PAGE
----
A good example of how the Orthodoxy of a book helped determine its apostolicity can be found in Eusebius’ account of Serapion and the Gospel of Peter. Serapion, a bishop of Antioch during the late second and early third centuries, paid a visit to one of his churches in the village of Roussos, where he learned that the church there used a gospel written by the Apostle Peter in their worship. Serapion saw no problem with this, for he assumed that the gospel had indeed been written by Peter. After returning from his travels, he was informed that the so-called Gospel of Peter was infact a docetic Gospel. Serapion acquired a copy of the book and he noted that it was indeed shot through with docetic ideas. Serapion then sent an encyclical to the church in Roussos, ‘On the So-called Gospel of Peter’, instructing them to not use the Gospel in their worship. For Serapion, the fact that the Gospel of Peter contained docetic theology was evidence enough that it was not written in the time of the Apostles. Therefore, it could not have been written by St Peter, nor was it ancient. But it should not be thought that the Orthodoxy of a Christian work was the sole criterion for determining its inclusion in the New Testament Canon. The Shepherd of Hermas, a Christian text that the Church never considered to be heretical, was not included in the New Testament Canon simply because it was known to be a relatively recent work. Not all of the early Christian writings that did not find their way into the Canon were considered to be heretical. Indeed, some of those works have been integrated into Orthodox Tradition, but all of the above four criteria had to be met if they were to be included in the Canon of Sacred Scripture. The Gnostic writings however, simply did not meet a single one of the above-mentioned criteria.

In recent times, certain scholars have questioned the authorship of some of the New Testament writings, but this should not lead us to the conclusion that such books should now be omitted from our New Testament, for the Church has a fifth criterion: Tradition. As Bishop Kallistos Ware has put it:

“A book is not part of Scripture because of any particular theory about its dating and authorship. Even if it could be proved, for example, that the Fourth Gospel was not actually written by John the beloved disciple of Christ, this would not alter the fact that we Orthodox accept the Fourth Gospel as Holy Scripture. Why? Because the Gospel of John is accepted by the Church and in the Church”.

In other words, even if a work is proven today to not be written by the person to whom it is attributed, its Orthodoxy and Catholicity, its enduring position in the New Testament Canon and in the life and Tradition of the Church, means that such a book maintains its authority and so remains a part of the sacred Canon of Holy Scripture.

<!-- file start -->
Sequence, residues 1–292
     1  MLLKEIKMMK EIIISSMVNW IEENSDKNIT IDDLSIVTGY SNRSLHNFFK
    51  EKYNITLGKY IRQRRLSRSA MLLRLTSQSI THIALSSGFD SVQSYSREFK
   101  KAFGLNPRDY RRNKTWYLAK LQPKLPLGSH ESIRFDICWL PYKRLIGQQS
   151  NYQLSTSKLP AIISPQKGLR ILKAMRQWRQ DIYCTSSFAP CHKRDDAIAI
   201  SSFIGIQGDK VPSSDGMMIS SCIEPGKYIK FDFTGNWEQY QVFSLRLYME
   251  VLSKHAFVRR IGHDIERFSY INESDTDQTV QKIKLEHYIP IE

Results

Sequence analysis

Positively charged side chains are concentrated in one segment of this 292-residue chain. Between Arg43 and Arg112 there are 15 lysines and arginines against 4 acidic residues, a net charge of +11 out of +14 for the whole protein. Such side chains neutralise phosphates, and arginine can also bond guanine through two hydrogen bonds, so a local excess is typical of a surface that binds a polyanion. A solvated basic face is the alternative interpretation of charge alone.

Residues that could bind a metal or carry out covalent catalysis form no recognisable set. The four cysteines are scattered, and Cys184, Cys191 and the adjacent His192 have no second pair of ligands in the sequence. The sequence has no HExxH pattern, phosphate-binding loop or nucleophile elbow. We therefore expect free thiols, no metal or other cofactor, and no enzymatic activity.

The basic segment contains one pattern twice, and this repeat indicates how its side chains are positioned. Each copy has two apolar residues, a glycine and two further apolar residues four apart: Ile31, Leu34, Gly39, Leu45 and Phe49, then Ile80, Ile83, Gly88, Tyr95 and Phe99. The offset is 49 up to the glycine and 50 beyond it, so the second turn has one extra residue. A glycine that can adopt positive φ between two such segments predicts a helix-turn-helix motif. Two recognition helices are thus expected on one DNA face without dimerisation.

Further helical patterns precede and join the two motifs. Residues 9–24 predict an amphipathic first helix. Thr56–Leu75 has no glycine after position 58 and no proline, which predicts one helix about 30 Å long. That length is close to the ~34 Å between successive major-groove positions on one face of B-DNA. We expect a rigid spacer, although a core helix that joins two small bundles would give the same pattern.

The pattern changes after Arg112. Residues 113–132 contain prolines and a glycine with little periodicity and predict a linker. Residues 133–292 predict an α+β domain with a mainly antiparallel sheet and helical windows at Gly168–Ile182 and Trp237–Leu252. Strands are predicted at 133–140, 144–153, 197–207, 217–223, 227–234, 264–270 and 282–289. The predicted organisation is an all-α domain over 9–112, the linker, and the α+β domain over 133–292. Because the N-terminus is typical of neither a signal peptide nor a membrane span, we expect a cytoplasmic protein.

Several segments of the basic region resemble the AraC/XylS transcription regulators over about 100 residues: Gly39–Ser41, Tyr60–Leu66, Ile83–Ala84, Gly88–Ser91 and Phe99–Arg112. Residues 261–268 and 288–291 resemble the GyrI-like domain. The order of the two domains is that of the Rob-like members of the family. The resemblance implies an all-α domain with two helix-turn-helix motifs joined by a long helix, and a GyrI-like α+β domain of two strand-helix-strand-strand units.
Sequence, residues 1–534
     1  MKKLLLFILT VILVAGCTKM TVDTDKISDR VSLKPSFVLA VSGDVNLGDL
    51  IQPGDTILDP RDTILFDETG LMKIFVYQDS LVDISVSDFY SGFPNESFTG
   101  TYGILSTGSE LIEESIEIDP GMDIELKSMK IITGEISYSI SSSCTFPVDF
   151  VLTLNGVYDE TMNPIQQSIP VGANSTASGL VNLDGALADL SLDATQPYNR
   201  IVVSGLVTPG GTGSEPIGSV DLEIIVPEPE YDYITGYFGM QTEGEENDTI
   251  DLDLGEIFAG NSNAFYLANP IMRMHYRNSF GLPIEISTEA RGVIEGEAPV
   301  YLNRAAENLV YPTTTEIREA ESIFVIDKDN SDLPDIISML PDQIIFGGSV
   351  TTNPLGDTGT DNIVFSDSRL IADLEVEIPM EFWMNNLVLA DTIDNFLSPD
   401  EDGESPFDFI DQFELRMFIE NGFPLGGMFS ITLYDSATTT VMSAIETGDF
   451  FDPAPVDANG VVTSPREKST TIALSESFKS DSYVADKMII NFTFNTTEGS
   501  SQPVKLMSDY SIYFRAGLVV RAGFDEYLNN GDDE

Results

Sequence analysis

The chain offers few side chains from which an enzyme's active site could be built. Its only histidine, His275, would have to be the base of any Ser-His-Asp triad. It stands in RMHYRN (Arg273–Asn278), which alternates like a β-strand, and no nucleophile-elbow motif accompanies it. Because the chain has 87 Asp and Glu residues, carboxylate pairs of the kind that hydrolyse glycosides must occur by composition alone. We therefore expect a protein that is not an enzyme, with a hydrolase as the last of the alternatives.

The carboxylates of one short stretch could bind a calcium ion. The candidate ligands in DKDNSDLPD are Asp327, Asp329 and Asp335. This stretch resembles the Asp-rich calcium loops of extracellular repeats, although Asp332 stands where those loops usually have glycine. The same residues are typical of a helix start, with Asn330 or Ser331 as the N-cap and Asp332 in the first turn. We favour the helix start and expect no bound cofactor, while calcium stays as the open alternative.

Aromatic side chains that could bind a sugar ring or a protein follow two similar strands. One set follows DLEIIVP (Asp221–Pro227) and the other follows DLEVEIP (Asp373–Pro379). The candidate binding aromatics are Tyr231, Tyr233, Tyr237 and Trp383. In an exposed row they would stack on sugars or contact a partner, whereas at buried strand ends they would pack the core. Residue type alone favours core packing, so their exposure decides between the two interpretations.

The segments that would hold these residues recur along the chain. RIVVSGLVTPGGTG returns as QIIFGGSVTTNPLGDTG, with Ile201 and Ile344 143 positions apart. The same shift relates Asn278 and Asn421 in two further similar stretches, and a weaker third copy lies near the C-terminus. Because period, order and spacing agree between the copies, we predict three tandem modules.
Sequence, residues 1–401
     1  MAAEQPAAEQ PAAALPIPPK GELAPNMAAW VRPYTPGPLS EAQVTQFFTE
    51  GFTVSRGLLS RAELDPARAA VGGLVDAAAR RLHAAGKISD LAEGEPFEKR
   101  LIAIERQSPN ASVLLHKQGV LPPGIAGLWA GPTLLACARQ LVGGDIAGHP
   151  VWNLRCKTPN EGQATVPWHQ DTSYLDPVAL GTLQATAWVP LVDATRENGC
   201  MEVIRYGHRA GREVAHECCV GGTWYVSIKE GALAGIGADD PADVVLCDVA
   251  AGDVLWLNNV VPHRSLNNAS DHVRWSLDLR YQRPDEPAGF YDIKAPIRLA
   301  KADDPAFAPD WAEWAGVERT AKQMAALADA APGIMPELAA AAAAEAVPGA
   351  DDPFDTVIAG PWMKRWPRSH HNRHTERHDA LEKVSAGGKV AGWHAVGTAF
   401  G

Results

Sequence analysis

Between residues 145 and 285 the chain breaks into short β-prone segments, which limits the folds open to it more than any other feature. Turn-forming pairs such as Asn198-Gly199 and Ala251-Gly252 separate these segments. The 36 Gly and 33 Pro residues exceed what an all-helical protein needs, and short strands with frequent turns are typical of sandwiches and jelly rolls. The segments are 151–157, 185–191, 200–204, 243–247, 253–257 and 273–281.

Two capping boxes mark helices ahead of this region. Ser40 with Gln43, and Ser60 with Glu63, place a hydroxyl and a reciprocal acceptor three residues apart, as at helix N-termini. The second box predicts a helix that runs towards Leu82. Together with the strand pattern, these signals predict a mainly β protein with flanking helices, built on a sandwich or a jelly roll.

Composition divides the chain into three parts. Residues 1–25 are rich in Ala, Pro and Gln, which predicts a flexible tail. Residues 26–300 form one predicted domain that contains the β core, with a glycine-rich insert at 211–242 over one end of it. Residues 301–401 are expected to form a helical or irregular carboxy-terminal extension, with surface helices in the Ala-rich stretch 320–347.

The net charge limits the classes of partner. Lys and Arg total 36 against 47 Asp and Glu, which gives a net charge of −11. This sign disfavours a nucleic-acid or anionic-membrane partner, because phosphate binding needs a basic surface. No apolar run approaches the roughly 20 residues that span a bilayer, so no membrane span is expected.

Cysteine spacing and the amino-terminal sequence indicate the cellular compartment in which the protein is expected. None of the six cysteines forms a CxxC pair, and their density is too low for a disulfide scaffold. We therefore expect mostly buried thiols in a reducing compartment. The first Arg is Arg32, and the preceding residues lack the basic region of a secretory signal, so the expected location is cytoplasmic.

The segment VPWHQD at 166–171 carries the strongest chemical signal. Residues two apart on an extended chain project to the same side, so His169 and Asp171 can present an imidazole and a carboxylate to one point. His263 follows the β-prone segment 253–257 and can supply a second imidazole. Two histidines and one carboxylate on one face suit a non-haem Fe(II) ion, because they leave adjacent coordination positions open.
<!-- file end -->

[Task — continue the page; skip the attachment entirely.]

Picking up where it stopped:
Ancient, Apostolic, Catholic, Orthodox: such were the criteria for determining a book’s place in the New Testament Canon, and the Gnostic writings simply did not qualify by a long shot. But if the Gnostics were to have any chance of having their views recognised as sacred scripture, they had to pass off their theological ideas as apostolic, and so many Gnostic Gospels were written by their authors in the name of one of the Apostles. We will now look at a few of these texts, beginning with the Gospel of Peter, which I briefly mentioned above.

The Gospel of Peter

Before the discovery of the surviving fragment of the Gospel of Peter in 1886, we knew of this gospel from the Christian historian Eusebius (as we saw above). It was probably written in the early 2nd century, making it the oldest surviving gospel from outside of the New Testament. This gospel, unlike many Gnostic Gospels, deals only with the Passion and Resurrection of Christ. It could perhaps be described as the first Passion Play. The fragment begins with Pontius Pilate washing his hands, an account found in the New Testament only in the Gospel of Matthew, but the Gospel of Peter slightly differs in that the Jews in Peter’s Gospel are described as refusing to wash their hands, thereby refusing to proclaim themselves innocent of Christ’s blood. This is more in line with the more anti-semitic literature of the 2nd century, something which is not found in the writings of the 1st century, to which the New Testament belongs. As the narrative progresses, we come across an account of the Crucifixion which in some ways resembles those of the New Testament, but significantly differs in other respects. Christ is crucified between two criminals, as in our New Testament Gospels, but we are told that “he was silent, as though he had no pain”. This is clearly a docetic interpretation of the Crucifixion: he was silent as if he had no pain because he had no pain. In the Gospel of Matthew, shortly before Christ dies, he exclaims: “My God, my God, why have you forsaken me?” In the Gospel of Peter, we read something similar, but it has a distinctly Gnostic twist: “My power, my power, why have you left me?” Here, Jesus is mourning the departure of his divine nature from him before his death, leaving only his human ‘shell’ on the Cross – something that is very much in line with the views of many Gnostic groups.